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Peter Nathan Sprengel

Translated from the German by Kaare Loftheim



Chapter V.
The chairmaker bears the name in common with English chairmakers presumably because his trade is originally transplanted from England to Germany, or because several types of chairs that are made in his workshop have been common first in England. In the making of chairs, the settee (Canape), and sofa, he wields not only the plane and other tools of the cabinetmaker, but also like the cartwright, the hatchet (Handbeil) and the drawknife (Schneidemesser).
Part I.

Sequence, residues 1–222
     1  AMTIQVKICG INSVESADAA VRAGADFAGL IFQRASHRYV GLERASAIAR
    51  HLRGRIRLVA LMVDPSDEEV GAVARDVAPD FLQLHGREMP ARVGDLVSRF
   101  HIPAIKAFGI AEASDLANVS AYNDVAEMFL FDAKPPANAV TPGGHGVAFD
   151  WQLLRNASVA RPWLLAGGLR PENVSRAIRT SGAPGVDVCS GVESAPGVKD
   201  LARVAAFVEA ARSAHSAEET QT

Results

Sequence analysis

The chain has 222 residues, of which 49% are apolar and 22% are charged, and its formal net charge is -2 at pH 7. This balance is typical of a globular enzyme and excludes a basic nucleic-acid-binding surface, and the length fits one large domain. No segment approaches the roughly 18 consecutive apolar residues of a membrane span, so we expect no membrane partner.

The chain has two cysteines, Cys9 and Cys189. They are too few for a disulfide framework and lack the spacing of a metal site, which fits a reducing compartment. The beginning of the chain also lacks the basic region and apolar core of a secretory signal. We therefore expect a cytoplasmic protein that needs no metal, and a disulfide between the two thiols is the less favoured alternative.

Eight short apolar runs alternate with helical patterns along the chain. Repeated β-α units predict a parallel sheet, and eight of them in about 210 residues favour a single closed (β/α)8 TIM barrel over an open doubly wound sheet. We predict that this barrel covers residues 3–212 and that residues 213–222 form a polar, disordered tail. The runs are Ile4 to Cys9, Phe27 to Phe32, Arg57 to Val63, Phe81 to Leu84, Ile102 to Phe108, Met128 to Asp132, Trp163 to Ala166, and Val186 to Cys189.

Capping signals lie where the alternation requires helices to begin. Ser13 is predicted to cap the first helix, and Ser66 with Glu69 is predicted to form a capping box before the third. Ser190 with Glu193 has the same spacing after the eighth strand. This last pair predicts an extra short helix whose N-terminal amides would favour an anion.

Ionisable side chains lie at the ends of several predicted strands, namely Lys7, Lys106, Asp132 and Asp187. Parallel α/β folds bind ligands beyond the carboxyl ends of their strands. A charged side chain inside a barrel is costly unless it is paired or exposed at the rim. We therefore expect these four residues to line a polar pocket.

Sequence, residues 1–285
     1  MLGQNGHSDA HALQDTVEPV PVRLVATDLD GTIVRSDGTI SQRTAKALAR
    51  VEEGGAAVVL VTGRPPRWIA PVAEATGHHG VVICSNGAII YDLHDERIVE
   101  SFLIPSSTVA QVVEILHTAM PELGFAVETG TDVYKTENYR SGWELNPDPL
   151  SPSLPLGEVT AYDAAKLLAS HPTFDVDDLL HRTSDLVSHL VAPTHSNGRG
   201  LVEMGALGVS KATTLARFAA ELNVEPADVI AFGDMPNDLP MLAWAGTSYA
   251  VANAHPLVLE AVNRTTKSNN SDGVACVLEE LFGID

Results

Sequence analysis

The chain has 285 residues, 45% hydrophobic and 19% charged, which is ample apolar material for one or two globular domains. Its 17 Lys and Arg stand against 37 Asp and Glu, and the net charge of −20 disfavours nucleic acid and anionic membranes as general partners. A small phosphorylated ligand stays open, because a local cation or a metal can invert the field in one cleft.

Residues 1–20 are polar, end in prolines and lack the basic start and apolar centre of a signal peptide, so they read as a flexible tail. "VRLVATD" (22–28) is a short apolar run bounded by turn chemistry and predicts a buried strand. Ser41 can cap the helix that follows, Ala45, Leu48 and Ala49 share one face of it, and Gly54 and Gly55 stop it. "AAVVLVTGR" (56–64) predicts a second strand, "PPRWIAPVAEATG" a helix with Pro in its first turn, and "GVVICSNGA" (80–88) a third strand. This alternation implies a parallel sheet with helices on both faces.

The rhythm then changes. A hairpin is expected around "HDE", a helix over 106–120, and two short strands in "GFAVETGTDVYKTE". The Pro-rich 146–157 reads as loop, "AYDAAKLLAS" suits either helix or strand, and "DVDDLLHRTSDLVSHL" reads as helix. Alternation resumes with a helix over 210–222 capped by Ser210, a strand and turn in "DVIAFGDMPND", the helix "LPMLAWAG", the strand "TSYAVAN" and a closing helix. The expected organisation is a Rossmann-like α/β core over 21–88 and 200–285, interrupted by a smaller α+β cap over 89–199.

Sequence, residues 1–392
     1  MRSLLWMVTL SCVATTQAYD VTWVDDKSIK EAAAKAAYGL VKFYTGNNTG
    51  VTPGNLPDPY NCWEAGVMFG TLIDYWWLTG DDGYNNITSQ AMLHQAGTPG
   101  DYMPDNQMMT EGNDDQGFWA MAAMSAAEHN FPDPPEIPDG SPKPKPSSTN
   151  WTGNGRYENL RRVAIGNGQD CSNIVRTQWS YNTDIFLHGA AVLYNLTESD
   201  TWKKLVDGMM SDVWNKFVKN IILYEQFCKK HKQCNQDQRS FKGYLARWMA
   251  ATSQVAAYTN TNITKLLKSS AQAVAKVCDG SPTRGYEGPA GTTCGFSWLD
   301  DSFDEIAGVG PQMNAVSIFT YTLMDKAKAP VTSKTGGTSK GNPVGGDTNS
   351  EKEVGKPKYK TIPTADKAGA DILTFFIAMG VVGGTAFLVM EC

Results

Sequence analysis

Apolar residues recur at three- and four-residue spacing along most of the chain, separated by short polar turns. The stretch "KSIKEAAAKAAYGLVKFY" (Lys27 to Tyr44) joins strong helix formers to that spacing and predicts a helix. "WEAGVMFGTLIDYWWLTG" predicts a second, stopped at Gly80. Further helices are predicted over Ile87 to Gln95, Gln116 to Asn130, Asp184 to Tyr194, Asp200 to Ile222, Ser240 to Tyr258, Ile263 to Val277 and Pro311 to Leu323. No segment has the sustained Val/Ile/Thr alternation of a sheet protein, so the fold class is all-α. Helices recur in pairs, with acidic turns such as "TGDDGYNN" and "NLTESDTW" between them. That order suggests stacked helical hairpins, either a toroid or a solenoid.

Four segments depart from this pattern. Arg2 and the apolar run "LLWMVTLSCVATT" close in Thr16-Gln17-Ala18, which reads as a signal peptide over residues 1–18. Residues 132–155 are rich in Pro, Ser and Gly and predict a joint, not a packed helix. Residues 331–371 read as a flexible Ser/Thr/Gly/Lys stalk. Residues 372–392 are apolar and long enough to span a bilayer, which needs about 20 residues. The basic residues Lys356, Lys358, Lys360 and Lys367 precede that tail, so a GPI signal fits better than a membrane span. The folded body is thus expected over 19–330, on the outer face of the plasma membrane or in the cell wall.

In most regions, and especially in the German coastal cities, chairmakers make their chairs out of red beech wood, in Magdeburg out of linden wood, and in Berlin out of serviceberry wood (Elsenholz). Red beech is lacking in our area, and the cabinetmaker, who before the arrival to Berlin of chairmakers that made wooden chair frames, chose therefore serviceberry wood in place of red beech. Likewise the chairmakers, when they arrived in Berlin, found that circumstances also compelled them to build their chairs out of serviceberry wood. If the customer explicitly requires it, and will pay especially for it, they sometimes build chairs out of walnut, plum wood, pearwood, and mahogany wood, and for very distinguished and wealthy persons out of cedarwood. The chairmaker obtains the serviceberry wood partly in boards that are one to five inches thick and partly in logs. The farmer in the [town of] Mark Brandenburg brings this wood, partly in logs and also in boards, to Berlin to sell, but the strongest and best comes from Poland. If the wood has not sufficiently dried when purchased by the chairmaker it must stay some time longer and properly dry. When the tenons of a chair that is made from green wood dry, the chair becomes so unstable that it can neither be wedged tightly or glued.